• Provide water to those roots that can absorb it. These fine, white absorbing roots emerge from the thicker, woody roots that help anchor the tree. They form a radiating pattern that extends out from the trunk to well beyond the drip line.
• Try to saturate the upper 12 inches of the soil when you water, as this is where the majority of the water-absorbing roots are located. Consider using a soaker hose, which provides water slowly, thereby allowing the soil to absorb it before it flows away.
• Avoid saturating the ground near the trunk, which can encourage decay. Trees draw relatively little water from the soil near the trunk anyway.
• Water early in the morning so the soil has enough time to absorb the water before the temperatures climb, thereby accelerating the evaporation rate.
• Always comply with local water restrictions, and utilize ecofriendly solutions – such as capturing and using rainwater – whenever appropriate and possible.
The Importance of Mulch
The water content of the soil is the net result of a series of credits (precipitation and supplemental watering) and debits (evaporation and use by the tree). To make the most of your water, it makes sense to address both sides of the equation. This means not only providing supplemental water when appropriate, but also reducing the rate at which the water evaporates.
The solution could not be any simpler: A thick layer of mulch, placed above the roots of the tree will greatly reduce the rate of evaporation. In fact, mulching may be one of the best ways to support tree health in a variety of ways, as mulch can contribute nutrients to the soil, protect the roots from damage and improve the soil structure.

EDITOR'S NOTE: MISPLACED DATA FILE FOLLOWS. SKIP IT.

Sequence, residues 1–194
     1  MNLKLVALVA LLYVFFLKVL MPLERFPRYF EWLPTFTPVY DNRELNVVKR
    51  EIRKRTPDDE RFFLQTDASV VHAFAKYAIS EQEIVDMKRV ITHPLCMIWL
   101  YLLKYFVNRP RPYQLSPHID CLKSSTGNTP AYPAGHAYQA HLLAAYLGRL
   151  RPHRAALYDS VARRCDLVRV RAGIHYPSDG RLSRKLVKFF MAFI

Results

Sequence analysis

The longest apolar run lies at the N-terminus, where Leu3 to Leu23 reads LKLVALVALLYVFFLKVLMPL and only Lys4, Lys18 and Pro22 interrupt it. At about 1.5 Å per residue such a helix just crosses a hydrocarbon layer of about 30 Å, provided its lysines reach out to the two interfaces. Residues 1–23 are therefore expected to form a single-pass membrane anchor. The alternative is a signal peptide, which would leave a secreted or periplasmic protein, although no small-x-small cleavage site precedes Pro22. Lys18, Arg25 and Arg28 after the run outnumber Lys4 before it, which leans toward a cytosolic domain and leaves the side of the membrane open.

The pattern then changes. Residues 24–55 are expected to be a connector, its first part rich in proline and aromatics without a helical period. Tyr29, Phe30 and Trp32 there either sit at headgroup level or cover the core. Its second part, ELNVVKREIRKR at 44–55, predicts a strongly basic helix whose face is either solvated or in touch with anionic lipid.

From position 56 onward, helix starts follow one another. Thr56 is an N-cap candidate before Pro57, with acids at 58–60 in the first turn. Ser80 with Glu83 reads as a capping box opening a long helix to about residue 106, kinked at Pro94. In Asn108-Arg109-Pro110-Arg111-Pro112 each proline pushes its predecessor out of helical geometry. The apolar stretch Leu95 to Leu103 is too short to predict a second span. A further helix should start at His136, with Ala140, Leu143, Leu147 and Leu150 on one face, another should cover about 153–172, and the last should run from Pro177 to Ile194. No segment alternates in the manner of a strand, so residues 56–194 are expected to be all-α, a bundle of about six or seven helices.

However, you must apply the mulch properly, or you can actually cause harm to the tree.
• While inorganic mulches require less frequent maintenance and replacement than organic mulches do, they do not improve soil structure or release nutrients into the soil. Accordingly, it is wise to use organic mulches, such as bark chips, whenever possible. However, be sure to select an ecologically sustainable species and give thought to the combustibility of the mulch if you live in a fire-prone area.
• Place a 2- to 4-inch-thick layer of mulch on the ground, starting about 6 inches away from the base of the tree and extending to the drip line (the edge of the tree’s crown). If feasible, continue mulching beyond the tree’s drip as the root tips usually extend farther than the branches do. Do not let the mulch contact the trunk, as this can lead to trunk rot.
• Replace the mulch as it decomposes, but avoid increasing the depth of the mulch. In warm, wet locations, the bark will decompose more rapidly than it will in dryer areas, so consider using larger bark chips in such areas to reduce the rate at which they will decompose.
Try to apply these tips to your own trees to keep them healthy and vibrant, despite the lack of rainfall. If you have any problems, or would like one of our ISA-certified arborists to inspect your trees and advise you of a proper maintenance schedule, give us a call!